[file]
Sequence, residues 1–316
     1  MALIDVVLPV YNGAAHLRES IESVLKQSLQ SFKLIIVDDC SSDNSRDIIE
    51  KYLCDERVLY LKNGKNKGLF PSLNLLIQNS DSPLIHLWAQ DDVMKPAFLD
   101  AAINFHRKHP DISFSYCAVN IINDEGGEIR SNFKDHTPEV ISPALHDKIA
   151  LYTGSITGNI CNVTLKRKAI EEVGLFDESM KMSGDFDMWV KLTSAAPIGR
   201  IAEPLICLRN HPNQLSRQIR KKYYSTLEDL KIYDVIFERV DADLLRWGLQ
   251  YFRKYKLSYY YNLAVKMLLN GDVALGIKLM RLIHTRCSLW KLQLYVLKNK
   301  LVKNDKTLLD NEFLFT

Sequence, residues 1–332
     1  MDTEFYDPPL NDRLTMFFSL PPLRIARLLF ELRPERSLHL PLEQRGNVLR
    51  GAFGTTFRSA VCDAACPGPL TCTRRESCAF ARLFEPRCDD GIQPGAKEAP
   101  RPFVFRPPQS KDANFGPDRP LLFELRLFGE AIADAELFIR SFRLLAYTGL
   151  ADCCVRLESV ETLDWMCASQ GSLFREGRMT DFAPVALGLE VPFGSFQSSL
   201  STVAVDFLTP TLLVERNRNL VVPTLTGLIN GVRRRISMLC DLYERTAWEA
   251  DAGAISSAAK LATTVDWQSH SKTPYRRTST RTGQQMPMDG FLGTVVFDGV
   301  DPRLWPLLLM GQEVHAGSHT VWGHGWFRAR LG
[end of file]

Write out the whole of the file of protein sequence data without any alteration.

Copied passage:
Sequence, residues 1–316
     1  MALIDVVLPV YNGAAHLRES IESVLKQSLQ SFKLIIVDDC SSDNSRDIIE
    51  KYLCDERVLY LKNGKNKGLF PSLNLLIQNS DSPLIHLWAQ DDVMKPAFLD
   101  AAINFHRKHP DISFSYCAVN IINDEGGEIR SNFKDHTPEV ISPALHDKIA
   151  LYTGSITGNI CNVTLKRKAI EEVGLFDESM KMSGDFDMWV KLTSAAPIGR
   201  IAEPLICLRN HPNQLSRQIR KKYYSTLEDL KIYDVIFERV DADLLRWGLQ
   251  YFRKYKLSYY YNLAVKMLLN GDVALGIKLM RLIHTRCSLW KLQLYVLKNK
   301  LVKNDKTLLD NEFLFT

Sequence, residues 1–332
     1  MDTEFYDPPL NDRLTMFFSL PPLRIARLLF ELRPERSLHL PLEQRGNVLR
    51  GAFGTTFRSA VCDAACPGPL TCTRRESCAF ARLFEPRCDD GIQPGAKEAP
   101  RPFVFRPPQS KDANFGPDRP LLFELRLFGE AIADAELFIR SFRLLAYTGL
   151  ADCCVRLESV ETLDWMCASQ GSLFREGRMT DFAPVALGLE VPFGSFQSSL
   201  STVAVDFLTP TLLVERNRNL VVPTLTGLIN GVRRRISMLC DLYERTAWEA
   251  DAGAISSAAK LATTVDWQSH SKTPYRRTST RTGQQMPMDG FLGTVVFDGV
   301  DPRLWPLLLM GQEVHAGSHT VWGHGWFRAR LG